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  • Into the Wild

    I am writing this morning from a remote cabin at 57,000 on top of a mountain in Northern Idaho.  Glenn had been planning this weekend for months and I said once I got the website up I would go.  We took the weekend off and come over to visit our friends Forrest and Beth and their black lab Sprocket in a small mining town called Mullan, just over the mountains and the Montana-Idaho border.  We then proceeded to a cabin in the mountains miles above Wallace.  Their place is very rustic and I was not sure that we would even make it to the destination.  The higher we went the deeper the snow got until we reached the cabin and the snow level was about a foot deep.  The cabin, more a pole lodge, so far is only covered by exterior sheeting and was very raw within.  It has a little wood stove in the center of the room that we instantly fired up and within a half hour could no longer see our breaths.  I put a pot on the stove and made a hearty chicken stew with carrots, potatoes, and mushrooms flavored with tarragon, a pinch of basil, and rosemary.  It turned out fantastic for my first time of cooking an old fashioned wood stove.

    We ate, drank, and chatted and watched the world around us envelop into a secluded darkness and the one gas lantern they had seem to fail us.  Then we all climbed to a loft to sleep.  There was a draft of snow and ice particles blowing through the cracks, which Forrest tired to seal before we went to bed.  I drifted in and out of consciousness as Forrest got up throughout the night to feed the fire.  At one point that fire had gone out and I hunkered deeper into my bed, snuggling closer to Glenn for warmth as a draft that felt good when I first went to bed now chilled the core of my body.  In the wilderness the night seems eternal as I kept waking up looking for some signs of daylight.  The morning came early gradually illuminating the outline of the open rafters barley above my head.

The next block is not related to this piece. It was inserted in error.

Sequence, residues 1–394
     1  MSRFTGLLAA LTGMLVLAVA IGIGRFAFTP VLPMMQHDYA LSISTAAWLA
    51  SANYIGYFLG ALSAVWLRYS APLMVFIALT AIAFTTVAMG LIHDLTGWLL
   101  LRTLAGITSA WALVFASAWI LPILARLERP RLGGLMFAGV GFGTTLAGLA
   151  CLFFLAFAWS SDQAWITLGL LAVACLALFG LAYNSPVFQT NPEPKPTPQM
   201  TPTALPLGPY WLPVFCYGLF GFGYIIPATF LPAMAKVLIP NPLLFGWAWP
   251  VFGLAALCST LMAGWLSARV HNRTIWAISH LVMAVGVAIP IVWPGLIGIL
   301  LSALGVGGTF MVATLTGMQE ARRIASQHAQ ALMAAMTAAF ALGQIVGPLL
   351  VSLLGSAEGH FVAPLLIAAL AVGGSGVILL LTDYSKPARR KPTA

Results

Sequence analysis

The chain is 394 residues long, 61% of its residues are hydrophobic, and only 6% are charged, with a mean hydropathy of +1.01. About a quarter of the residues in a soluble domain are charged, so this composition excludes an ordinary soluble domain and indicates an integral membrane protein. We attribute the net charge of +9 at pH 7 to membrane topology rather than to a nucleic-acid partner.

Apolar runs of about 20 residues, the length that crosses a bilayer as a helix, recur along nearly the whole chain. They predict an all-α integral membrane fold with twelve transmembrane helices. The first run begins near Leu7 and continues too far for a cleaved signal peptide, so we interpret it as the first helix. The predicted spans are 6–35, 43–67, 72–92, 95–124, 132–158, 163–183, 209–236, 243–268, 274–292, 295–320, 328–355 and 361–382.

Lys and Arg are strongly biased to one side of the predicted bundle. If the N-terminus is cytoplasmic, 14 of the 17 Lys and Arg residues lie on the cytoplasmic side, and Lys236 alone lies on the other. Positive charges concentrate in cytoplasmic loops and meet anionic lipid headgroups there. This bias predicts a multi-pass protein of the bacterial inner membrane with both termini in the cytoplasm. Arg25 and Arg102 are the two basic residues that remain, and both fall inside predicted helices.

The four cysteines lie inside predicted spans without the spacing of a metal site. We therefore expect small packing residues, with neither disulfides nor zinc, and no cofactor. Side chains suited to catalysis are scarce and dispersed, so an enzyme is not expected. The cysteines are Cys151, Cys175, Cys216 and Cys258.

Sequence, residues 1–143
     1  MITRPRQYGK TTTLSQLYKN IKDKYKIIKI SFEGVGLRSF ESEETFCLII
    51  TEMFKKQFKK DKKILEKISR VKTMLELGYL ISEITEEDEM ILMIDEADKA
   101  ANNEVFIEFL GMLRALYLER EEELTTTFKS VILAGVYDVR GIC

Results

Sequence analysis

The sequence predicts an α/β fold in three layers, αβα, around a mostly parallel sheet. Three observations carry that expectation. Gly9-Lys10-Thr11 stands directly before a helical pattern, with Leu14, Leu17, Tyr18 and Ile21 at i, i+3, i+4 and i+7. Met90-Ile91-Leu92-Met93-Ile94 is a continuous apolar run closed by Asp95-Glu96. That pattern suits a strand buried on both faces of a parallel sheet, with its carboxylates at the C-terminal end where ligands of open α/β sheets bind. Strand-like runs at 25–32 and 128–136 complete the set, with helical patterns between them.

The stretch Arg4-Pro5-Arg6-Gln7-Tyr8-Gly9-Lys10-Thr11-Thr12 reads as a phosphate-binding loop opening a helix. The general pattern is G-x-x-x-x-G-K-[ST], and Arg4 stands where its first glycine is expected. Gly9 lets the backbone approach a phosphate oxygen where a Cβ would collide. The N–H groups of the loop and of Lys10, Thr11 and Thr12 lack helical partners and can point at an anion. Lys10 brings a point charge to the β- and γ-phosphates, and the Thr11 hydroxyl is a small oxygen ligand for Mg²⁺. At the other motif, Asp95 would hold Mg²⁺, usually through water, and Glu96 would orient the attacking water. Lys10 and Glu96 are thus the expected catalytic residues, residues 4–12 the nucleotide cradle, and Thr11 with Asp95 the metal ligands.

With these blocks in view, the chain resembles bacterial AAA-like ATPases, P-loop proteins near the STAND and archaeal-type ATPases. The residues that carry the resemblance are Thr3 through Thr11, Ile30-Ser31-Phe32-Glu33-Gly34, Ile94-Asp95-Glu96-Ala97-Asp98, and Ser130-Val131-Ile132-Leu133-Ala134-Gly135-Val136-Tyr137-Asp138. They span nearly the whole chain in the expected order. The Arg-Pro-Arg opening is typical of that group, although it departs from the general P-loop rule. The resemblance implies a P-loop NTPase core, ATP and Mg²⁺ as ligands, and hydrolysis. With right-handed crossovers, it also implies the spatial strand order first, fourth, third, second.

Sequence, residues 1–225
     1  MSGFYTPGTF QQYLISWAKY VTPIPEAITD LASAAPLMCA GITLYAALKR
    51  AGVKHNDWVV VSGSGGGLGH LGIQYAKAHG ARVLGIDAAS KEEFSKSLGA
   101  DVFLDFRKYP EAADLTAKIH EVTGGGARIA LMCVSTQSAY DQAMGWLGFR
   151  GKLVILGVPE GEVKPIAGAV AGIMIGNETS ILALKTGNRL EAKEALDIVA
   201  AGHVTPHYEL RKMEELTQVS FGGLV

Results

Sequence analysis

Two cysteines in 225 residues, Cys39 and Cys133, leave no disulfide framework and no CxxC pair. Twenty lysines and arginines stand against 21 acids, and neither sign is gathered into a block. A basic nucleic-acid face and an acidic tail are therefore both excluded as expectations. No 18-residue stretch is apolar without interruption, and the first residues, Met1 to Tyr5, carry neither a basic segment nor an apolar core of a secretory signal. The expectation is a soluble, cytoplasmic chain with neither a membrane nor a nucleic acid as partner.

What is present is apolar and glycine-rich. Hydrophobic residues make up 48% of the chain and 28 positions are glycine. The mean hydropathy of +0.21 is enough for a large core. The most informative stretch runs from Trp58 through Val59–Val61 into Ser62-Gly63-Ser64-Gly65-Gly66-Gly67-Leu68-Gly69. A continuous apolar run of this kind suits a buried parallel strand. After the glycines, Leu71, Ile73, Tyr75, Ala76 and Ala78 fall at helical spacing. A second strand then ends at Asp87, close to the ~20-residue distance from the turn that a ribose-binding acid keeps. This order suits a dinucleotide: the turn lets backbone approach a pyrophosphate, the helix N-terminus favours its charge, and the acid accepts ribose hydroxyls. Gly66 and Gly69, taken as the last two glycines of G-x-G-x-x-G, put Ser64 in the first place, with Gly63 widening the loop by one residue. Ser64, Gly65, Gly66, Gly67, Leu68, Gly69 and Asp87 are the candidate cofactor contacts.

I was the first one up because I wanted to watch how the light began to fill the valleys far below us.  As rustic as it all seemed it really awoke a side of myself I have completely forgotten.  It reminded me of my youth and growing up on the ranch.  It feels like the ongoing theme of this week has been a return to simplicity and a greater connection to my natural heritage.  Although the website is a culmination of my existence, it is my connection to the future as I move into the future.  Today I am stripped on all the essentials of a modern life, no running water, no electricity, dependant on the life my computer laptop battery, now running in the red.  Here we are against our own elements.  There is something poetic about the sound of the snow smattering against the side of the building, of not working from the moment I rise to well after midnight each night.  We must exist only within the expanse of the natural day.

    This entry was posted in Cooking, Friends, Growing Up, Montana. Bookmark the permalink.

    One Response to Into the Wild

    1. Great photos and a wonderful post, Terry. You really know how to bring the reader into the scene! Great job!

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